Categorized | National News

New Law Gives Tenure To Police Chief

While the government touted its new legislation giving tenure to the positions of commissioner and deputy commissioner of police as a means of removing political interference from those posts, Opposition members maintained that the new law passed yesterday will impede growth within the Royal Bahamas Police Force (RBPF).

National Security Minister Dr. Bernard Nottage led the government’s debate on amendments to the Police Force Act of 2009 that pertain directly to the positions of commissioner and deputy commissioner of police in the House of Assembly Wednesday.

Under the law passed in 2009, the holders of the top two positions of the RBPF were appointed to those positions for a five-year period. The law also allowed for their terms to be extended for a period no longer than five years.

Dr. Nottage said that the previous law gave too much power to the prime minister and interfered with the commissioner’s ability to effectively carry out his duties.

Furthermore, the national security minister said that the previous provision was unconstitutional and he argued that the law passed in 2009 compromised the commissioner’s ability to be impartial.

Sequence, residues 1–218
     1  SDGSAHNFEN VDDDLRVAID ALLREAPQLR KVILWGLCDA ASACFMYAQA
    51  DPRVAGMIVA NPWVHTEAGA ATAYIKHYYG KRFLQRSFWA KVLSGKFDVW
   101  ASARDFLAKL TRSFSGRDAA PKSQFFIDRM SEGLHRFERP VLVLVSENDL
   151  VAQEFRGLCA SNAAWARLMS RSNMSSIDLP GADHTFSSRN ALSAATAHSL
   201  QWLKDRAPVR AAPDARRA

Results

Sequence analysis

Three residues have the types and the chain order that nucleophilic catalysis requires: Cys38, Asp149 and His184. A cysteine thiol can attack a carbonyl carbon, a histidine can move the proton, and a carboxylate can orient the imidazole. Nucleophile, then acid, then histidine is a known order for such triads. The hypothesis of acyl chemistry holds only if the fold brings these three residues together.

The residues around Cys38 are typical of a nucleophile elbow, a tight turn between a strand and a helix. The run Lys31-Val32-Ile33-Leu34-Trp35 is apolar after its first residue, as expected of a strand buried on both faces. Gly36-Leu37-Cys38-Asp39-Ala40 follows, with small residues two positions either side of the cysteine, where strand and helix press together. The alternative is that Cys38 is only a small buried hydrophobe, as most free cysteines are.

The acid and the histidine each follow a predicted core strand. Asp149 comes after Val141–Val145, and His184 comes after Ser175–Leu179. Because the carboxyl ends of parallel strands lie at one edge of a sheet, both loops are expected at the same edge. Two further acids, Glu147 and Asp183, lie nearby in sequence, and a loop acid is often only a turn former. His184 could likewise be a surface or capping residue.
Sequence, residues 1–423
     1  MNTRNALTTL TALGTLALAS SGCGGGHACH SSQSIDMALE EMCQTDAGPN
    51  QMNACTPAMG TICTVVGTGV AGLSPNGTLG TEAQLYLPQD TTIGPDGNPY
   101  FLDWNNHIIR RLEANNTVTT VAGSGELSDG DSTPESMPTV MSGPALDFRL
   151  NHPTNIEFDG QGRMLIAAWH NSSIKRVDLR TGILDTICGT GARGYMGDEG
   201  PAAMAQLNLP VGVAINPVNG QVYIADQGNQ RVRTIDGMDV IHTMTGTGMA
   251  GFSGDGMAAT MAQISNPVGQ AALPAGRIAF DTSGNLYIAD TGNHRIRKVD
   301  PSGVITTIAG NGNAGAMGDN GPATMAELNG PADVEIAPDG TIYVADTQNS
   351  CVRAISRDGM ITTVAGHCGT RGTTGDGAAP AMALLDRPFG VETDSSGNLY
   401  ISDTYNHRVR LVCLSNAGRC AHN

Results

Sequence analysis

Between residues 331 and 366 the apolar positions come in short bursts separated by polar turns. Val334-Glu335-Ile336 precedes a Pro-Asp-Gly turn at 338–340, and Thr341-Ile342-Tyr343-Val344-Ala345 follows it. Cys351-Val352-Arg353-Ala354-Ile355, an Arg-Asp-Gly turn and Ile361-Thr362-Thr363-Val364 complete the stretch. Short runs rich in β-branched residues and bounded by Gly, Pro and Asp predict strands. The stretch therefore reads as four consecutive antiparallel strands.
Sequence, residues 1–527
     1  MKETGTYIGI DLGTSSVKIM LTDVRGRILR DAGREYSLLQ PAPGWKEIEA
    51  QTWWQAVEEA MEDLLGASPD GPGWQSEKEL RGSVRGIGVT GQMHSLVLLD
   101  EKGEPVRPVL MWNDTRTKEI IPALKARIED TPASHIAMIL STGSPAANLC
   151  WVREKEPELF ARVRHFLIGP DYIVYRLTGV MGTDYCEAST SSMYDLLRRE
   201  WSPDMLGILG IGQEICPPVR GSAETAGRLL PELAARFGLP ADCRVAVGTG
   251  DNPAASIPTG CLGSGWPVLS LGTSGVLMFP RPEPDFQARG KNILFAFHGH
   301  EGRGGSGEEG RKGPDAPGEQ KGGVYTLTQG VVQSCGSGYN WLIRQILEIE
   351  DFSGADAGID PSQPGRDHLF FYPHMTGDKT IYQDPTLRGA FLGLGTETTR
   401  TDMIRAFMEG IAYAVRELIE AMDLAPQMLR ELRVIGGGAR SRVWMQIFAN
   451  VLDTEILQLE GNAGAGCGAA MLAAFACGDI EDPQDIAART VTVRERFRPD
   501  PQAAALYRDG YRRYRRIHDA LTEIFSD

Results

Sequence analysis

“What is more unthinkable, really is that after passing the provision which purports to give the prime minister the effective authority to fire the commissioner of police, they [the Opposition] accuse others of interfering with the [RBPF] – unbelievable,” Dr. Nottage said.

“What is equally damning about the passage of this provision is that the then government lacked legislative authority in that manner. No government under our constitutional democracy is empowered to change the constitution without evoking the procedures as contained in the document.”

Dr. Nottage said the amendments passed yesterday now give tenure to both the commissioner and deputy commissioner and it erases efforts of the previous administration to politicise those positions.

However, Opposition Member of Parliament for Central Grand Bahama Neko Grant opposed the amendments and he defended the provisions passed under the previous administration.

Mr. Grant said that by setting term limits, the then government sought to ensure that there was opportunity for younger qualified police officers to be elevated to leadership positions with the RBPF.

“There is sound reasoning for this progressive provision,” Mr. Grant said. “If the succession by promotion rule is followed and if permitted to serve until 65-years-old, it was quite possible that a commissioner or deputy commissioner of police could serve for 15 years or 20 years.

“It is our firm position that these two important offices should not be so open-ended. Critical leadership positions such as commissioner and deputy commissioner of police should change periodically to ensure that new vision, ideas and innovations are introduced in to the force at the highest level and on a continuous basis.”

Written by Jones Bahamas

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